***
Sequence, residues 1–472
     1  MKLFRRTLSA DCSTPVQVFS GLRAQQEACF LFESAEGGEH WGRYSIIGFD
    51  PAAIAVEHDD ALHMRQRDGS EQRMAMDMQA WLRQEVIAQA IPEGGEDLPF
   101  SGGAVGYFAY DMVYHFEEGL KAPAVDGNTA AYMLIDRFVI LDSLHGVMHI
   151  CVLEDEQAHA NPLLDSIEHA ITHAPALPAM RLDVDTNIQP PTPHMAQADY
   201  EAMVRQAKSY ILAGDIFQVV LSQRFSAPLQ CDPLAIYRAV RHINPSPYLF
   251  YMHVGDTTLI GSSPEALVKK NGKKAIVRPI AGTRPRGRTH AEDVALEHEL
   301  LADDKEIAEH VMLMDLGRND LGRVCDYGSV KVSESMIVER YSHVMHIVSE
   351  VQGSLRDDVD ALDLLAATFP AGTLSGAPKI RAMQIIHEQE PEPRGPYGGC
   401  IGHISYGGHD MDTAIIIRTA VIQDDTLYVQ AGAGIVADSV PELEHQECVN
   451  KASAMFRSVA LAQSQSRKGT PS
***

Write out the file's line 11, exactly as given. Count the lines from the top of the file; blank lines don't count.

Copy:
   451  KASAMFRSVA LAQSQSRKGT PS